A Ringers Year: May 2021

Ornithologist, Phil Hanmer, shares an May update summarising bird monitoring across Northumberland throughout the month.

This May has been a dreadful one for most nesting birds, as was April; it’s been cold and wet and suppressed the natural food supplies as well as making it difficult for many birds to locate their food.   I am not going to say anything much about Barn Owls because I have been leaving them undisturbed until June, in the hope that they would start nesting. 

An unusual catch in the Mist Net in my garden at the beginning of the month was a large male Rook; attracted by bird food this bird had blundered into the net and seemed more puzzled by its predicament than alarmed.  A more usual catch of the same morning were four Siskins; just showing signs of starting to breed.  The signs of nesting (starting of brood patches on the females) were particularly pleasing to see as I have had nesting siskins near home for many years, although last year seemed to be almost a blank in this respect.  I also captured two male Blackcaps who were singing loudly from opposite sides of the garden – and finally decided they really did want to ‘get at each other’ and were both caught at almost the same time!  More specific monitoring took the form of checking 20 odd sights for Tawny Owls and only finding a single nesting female.  I never have more than 50% occupancy but to only find one was disappointing.  One lucky trainee got to ring the one owlet and re-process the female who has nested in the same location since at least 2017.

Ringed pulli © Phil Hanmer

My Tawny Owls usually nest alongside our unusual nesting Goldeneye Ducks; with several locations typically having two Goldeneye and one Tawny Owl in three adjacent boxes.  However, the goldeneye have done well this year, perhaps not surprisingly for a bird that regularly nests in the Taiga or Boreal subarctic forest regions of the northern hemisphere, and at least 15 females seem to have tried to nest.  Unfortunately, we do have to discount 3 of these who were found dead and cached in a single box; having been predated by a tree-climbing Stoat.  Yes, we did see the stoat as it made a leap reminiscent of a tropical flying squirrel out of its lair over my head – hitting the ground running and then carrying on going!  Next time someone suggests we purposefully re-introduce Pine Martins to Northumberland do ponder on this.  They do predate on goldeneye ducks in Scotland.  Three of this year’s breeding females have all carried Geo-Loggers in the past – one was a victim of the stoat, but the others are very much alive – and so we do know where they spend their travelling time when away from the nesting grounds; this is a story which I will be pleased to tell you once the more usual evening meetings of the local natural history societies/clubs resume.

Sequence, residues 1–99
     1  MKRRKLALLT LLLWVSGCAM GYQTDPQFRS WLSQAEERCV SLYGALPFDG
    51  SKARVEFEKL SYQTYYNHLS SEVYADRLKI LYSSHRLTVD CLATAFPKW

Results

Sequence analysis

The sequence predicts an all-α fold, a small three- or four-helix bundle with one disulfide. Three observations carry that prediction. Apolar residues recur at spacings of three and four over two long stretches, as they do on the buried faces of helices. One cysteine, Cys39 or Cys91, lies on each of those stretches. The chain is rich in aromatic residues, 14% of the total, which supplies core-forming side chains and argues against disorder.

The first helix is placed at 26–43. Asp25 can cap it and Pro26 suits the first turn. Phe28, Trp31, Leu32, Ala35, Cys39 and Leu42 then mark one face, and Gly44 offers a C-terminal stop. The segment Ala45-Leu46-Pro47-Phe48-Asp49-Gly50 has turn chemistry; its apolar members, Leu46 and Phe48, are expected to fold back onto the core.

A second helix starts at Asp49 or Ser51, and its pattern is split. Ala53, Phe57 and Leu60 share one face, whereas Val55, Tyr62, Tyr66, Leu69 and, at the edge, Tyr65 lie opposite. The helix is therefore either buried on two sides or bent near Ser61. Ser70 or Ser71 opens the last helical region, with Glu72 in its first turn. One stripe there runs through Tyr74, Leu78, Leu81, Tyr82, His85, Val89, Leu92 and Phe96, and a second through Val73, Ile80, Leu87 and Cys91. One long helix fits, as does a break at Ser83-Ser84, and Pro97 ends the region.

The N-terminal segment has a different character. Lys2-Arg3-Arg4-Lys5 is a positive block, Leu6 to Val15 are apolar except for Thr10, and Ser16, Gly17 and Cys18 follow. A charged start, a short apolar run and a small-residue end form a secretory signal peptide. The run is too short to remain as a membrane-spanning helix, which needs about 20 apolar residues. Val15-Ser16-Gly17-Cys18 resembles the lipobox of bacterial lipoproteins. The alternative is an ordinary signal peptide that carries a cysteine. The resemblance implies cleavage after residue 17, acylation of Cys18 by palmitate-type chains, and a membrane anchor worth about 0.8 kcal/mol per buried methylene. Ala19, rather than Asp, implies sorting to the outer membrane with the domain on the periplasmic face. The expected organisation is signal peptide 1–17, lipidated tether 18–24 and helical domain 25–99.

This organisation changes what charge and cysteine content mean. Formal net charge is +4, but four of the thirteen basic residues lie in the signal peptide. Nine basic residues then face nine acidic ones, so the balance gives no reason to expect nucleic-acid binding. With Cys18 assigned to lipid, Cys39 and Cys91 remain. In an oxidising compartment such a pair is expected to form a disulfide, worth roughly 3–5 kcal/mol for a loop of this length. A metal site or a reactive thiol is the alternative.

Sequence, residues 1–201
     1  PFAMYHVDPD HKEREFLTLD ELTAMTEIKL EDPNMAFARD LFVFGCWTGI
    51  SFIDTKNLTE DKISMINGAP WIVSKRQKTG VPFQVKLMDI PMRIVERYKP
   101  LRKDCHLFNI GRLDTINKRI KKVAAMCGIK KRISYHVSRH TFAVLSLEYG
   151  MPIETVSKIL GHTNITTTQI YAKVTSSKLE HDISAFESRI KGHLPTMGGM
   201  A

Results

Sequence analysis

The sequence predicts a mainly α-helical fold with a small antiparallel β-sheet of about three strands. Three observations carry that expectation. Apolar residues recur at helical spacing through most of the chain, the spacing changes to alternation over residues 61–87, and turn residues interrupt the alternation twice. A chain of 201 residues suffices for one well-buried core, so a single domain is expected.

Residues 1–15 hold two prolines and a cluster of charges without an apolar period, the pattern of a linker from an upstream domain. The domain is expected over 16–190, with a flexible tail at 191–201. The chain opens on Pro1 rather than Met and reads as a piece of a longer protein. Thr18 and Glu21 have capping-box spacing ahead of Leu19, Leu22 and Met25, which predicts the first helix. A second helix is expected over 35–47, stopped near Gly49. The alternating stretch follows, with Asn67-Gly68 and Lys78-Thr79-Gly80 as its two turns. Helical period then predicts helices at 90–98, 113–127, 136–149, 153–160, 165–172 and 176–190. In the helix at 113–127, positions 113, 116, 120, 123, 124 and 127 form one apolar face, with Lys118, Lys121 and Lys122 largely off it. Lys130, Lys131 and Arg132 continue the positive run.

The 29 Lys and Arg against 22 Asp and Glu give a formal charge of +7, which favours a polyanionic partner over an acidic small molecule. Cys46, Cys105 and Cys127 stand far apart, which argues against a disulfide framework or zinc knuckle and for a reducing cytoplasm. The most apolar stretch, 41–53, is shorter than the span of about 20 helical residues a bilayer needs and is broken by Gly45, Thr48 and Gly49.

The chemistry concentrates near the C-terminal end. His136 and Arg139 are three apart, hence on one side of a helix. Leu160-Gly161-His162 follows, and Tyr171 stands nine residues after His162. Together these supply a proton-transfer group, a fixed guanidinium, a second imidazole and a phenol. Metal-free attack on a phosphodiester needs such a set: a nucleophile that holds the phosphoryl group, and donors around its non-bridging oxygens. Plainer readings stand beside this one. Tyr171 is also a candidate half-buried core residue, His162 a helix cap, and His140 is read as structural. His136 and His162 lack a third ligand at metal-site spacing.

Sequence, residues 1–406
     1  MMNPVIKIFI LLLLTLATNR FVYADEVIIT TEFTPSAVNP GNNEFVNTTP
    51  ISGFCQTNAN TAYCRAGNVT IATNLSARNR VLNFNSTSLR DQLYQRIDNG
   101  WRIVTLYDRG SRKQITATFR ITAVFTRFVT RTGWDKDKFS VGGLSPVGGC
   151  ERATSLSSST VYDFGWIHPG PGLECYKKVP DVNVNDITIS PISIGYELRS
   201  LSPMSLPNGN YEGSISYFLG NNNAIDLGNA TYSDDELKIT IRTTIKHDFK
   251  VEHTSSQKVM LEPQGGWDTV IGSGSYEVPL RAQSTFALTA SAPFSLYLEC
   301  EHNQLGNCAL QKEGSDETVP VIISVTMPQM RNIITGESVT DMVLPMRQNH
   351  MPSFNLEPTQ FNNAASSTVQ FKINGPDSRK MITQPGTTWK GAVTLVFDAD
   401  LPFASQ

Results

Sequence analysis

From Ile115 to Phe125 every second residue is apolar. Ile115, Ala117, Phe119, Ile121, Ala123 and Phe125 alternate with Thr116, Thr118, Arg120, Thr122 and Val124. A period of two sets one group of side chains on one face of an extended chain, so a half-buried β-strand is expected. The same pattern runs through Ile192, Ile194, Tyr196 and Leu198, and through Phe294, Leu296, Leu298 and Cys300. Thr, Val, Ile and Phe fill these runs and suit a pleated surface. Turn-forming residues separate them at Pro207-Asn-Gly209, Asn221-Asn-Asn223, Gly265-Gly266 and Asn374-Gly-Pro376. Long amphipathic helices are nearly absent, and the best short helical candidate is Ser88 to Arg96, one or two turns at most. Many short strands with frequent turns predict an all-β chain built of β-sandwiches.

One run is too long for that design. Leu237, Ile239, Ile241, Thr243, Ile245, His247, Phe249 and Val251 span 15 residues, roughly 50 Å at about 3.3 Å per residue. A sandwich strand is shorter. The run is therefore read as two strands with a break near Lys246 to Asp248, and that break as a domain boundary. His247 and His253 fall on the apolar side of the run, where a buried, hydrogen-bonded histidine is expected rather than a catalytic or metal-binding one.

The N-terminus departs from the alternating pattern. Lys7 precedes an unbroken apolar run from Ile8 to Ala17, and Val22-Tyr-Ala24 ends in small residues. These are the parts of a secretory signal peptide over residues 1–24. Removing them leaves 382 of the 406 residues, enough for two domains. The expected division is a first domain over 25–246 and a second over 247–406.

This month’s big job has been Nest Recording the small passerine birds that habitually use nest boxes to breed in, as well as a few who prefer to find natural holes or make more open nests.  My trainees have been counting the eggs of Blue, Great and Coal Tits; and looking in vain for Redstarts and Pied Flycatchers, both of which we found last year.  We have then returned to count hatched small pull and ring these when they have been large enough and survived the weather.  One project at a local Caravan Site has done well with approaching 50% occupancy, while another near Ingram has only 10% occupancy.  At a wood near Doxford occupancy is also approaching 50% and at a farm near Longhorsley is around 30%.  These rough figures – which cannot be confirmed until the nesting season finishes – belie the facts that many birds have had smaller than usual clutches.  Some have failed completely quite close to fledging, and Blue Tits are doing better than Great Tits.  Tree Sparrows have also done poorly to date, but this is not a great worry because they will go on to have second and third broods, unlike the Tits for which it’s usually a one opportunity per season exercise.

Marsh Tit © Phil Hanmer

We did find a nest of Chiffchaff eggs close to the ground (as they always are) at Ingram but it seems to have perished in the rain; and then much more successfully found a pair of very noisy Marsh Tits frantically feeding their 5 young in a tree hole near Longhorsley.  The Marsh Tit parents seem to decide that Alison was not a threat and let her take the attached pictures.

In June we move onto the serious monitoring of Barn Owls and possibly a few Kestrels.  If you think you have a Barn Owl nesting near you; please let me know.

Phil Hanmer

Phil Hanmer is an ornithologist and bird ringing trainer working to monitor the North East’s birdlife as part of the Natural History Society of Northumbria Ringing Group.  E-mail: tytoalbas@btinternet.com